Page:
Grab your journal or open a new document on your computer, and use the following questions as jumping-off points for some freewriting:

  • What are your all-time favorite TV shows? What lessons or impacts have they had on your life?
  • Write about a time in your life that was both terrible and beautiful.
  • When have you listened to that clear inner voice and stepped into your truth, even when it was painful? Write about what that experience was like for you.
  • What would you tell your Past Self if you could reach back through time?

red-rimmed, clear eyes + full, broken hearts {part 1}

For the past couple years, Allyn and I have been slowly working our way through all five seasons of Friday Night Lights, which is perhaps my all-time favorite TV show. We are on the last disk of the fifth and final season, drawing out these remaining episodes slowly, like savoring the final bites of a rich dessert. I love Friday Night Lights because of the nuanced, complicated characters; the vivid small-town setting; the dramas of high school and relationships and football. I also love Friday Night Lights because it makes me think of my mom.

My mom is a huge sports fan, particularly football, and she is the one in our house who first started watching Friday Night Lights. When I was living at home with my parents for a year, after I graduated college and before I moved to Indiana for grad school, she watched the show religiously. That was the fourth season. I started watching it with her and, before I knew it, I was hooked too.

When I moved away, I bought the first three seasons on DVD and, throughout those lonely and cold months when I missed my parents with a breathless ache, I methodically worked my way through the episodes. Even though I have never lived in Texas, I felt a bit closer to my hometown as I watched the familiar characters move around onscreen against the flat, dusty land and big blue sky. Eventually, I bought season four on DVD, and then season five. By the time I watched the fifth season, I was combing the plotlines and analyzing the characters, searching and searching. As if the episodes of this TV show could give me answers. As if it could help me smooth and mend the tangled mess of my own life.

In the fifth season of Friday Night Lights, I remember a particular scene when two of the characters got ready to go out to dinner, the guy holding the door open for the girl, the two of them heading outside together, smiling, an ordinary everyday happiness, an easy comfort that seemed so elusive to me at the time. I remember the quiet desperation that settled within my ribcage. I was jealous of these fictional people and this fictional relationship. I wanted to jump inside the television screen and escape my life.

During that time, I was ensnared in a deeply unhealthy relationship. Somewhere within my gut, I knew that it wasn’t right. I knew I had to get out. But I was scared. I kept searching outside of myself for answers, when really the answer was in my heart, beating right there inside my chest for every moment of every day. The answer wasn’t really elusive. It was effusive; it was everywhere. Still, for a while, I ignored it. I thrust my head into the sand. Until one day I realized I was choking, and I yanked my neck up, gasping for air, blinking the grit out of my eyes, staring at the world like it was an entirely new place. Which, in many ways, it was. When I found the courage to leave that relationship, my world opened up again.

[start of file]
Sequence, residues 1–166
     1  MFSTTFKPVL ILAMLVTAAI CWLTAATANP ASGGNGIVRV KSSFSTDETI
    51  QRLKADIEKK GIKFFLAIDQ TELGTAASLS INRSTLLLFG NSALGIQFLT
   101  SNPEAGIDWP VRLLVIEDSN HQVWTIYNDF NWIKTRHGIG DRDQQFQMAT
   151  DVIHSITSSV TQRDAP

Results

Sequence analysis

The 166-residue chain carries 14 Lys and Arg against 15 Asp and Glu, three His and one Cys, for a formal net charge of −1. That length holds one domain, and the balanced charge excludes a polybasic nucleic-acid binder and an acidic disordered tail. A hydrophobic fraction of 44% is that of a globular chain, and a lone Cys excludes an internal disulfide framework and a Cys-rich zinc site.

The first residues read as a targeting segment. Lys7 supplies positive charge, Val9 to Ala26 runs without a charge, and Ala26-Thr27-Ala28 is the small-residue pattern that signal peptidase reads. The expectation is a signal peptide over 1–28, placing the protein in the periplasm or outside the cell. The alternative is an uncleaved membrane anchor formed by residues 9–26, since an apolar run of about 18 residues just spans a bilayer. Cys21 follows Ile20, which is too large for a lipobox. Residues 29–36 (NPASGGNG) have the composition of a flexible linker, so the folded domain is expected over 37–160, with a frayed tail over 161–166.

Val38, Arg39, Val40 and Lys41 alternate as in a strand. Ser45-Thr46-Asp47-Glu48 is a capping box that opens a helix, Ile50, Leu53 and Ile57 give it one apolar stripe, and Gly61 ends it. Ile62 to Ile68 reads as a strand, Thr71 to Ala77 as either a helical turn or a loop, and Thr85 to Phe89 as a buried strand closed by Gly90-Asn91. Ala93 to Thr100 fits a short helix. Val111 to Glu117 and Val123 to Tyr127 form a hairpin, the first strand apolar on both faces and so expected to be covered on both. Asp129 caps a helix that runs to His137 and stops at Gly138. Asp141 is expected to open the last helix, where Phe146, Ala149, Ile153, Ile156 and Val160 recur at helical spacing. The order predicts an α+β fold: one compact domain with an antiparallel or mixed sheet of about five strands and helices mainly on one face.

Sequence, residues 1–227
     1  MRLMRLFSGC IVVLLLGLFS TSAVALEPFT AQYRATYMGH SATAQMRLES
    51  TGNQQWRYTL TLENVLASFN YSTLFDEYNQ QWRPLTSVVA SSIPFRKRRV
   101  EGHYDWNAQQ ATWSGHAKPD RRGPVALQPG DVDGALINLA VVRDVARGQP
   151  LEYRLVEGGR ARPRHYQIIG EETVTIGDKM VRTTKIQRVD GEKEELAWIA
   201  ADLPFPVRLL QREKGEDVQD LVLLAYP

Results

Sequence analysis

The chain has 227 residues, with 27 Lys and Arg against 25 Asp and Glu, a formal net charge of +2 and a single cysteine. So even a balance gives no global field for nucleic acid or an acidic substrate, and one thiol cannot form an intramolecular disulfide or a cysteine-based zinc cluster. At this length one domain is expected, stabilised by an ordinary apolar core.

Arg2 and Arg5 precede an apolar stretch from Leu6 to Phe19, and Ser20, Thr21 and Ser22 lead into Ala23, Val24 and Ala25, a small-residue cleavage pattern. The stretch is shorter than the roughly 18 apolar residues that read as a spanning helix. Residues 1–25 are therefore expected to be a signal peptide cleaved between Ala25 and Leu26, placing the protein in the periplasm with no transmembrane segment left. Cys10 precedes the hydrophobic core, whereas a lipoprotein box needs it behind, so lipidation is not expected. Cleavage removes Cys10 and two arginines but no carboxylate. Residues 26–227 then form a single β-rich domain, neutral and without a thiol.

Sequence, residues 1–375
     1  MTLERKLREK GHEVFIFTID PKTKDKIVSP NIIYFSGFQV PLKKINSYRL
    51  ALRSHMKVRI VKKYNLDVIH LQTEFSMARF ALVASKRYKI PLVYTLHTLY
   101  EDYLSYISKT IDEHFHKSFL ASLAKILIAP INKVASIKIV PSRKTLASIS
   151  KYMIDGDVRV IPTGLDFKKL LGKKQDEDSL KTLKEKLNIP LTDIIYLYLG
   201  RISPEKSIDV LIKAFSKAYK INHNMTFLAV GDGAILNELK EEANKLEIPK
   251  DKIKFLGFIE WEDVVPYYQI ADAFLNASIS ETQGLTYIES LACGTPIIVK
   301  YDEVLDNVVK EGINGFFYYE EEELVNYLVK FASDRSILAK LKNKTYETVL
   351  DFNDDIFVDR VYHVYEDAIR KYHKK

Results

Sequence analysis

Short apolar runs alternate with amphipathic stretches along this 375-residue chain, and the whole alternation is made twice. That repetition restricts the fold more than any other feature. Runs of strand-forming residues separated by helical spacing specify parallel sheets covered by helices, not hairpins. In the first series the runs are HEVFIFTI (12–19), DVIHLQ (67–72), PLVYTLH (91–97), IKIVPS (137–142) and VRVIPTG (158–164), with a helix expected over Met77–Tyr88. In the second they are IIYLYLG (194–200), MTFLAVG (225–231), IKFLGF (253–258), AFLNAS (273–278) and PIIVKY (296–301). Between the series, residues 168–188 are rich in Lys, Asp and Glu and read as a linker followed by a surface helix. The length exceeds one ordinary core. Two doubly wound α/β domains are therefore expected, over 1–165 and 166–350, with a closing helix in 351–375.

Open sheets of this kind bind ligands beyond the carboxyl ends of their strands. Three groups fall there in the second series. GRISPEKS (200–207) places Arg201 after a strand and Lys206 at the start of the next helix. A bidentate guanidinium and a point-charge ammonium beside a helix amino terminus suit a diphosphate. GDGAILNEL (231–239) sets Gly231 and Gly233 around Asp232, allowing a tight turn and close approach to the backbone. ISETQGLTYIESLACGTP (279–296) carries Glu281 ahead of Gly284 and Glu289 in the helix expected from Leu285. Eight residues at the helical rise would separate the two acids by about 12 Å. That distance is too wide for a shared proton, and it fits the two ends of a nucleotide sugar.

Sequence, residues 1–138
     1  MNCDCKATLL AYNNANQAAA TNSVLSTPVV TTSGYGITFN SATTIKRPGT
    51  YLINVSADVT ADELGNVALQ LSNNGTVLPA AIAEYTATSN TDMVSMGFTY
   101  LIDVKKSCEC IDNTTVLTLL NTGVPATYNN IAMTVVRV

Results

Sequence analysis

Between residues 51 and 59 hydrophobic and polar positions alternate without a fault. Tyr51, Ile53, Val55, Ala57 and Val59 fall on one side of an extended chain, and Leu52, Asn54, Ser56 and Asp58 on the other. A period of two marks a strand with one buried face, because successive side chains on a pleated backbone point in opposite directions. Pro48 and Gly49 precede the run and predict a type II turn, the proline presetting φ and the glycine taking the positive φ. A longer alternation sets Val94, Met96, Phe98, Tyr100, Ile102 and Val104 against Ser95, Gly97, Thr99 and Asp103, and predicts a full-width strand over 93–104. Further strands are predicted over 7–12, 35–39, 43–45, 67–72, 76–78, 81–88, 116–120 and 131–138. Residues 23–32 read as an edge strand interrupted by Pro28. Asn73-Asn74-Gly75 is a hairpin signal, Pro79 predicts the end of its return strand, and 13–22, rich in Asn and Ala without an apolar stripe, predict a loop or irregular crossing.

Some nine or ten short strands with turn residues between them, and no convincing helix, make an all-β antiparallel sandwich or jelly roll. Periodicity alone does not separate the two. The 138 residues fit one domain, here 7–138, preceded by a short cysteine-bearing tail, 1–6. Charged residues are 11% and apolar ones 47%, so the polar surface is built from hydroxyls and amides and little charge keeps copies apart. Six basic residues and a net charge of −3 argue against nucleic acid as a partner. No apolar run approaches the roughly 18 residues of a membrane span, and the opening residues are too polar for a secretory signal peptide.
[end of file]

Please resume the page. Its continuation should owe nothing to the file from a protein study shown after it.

There are some seasons in your life that are shockingly terrible and shockingly beautiful at once. This was one of those seasons for me. It has crystalized in my mind as a period when I was living purely. My emotions were raw and my needs boiled down to the bare essentials: eat, drink, sleep. Teach my classes. Honor my commitments. Finish my graduate degree. In some ways, I was learning to live all over again. Uncoupled, I was learning to live for myself again. It was painful and it was cleansing.

When I think back on that time, the days seemed so long—so empty and so full at the same time. I remember walking up the big hill to campus from my friend’s apartment, where I was subleasing a room for the remaining six weeks of the school year. I remember soaking in the early spring sunshine and the cold breeze on my face. I remember long evenings, binge-watching the Hulu show “Battleground” and reading until I felt tired enough that I could maybe fall asleep. I read so many books in that period—nearly a novel a day. I remember sorting through my accumulation of papers and possessions, trying to create something out of the scraps: making baby blankets for some friends; writing cards and mailing them; donating bags of clothing to Goodwill; cooking strange recipes out of the random assortment of nonperishables in my pantry.

It is a strange time of my life to look back on with fondness. But I do. I was a butterfly emerging from my chrysalis; a phoenix emerging from the ashes of my previous life. I was my whole self, and nothing but myself. After a long time of ignoring that deep inner voice, after a long time of lying to myself, I was finally living my truth.

 

This story will be continued on Friday. See you then!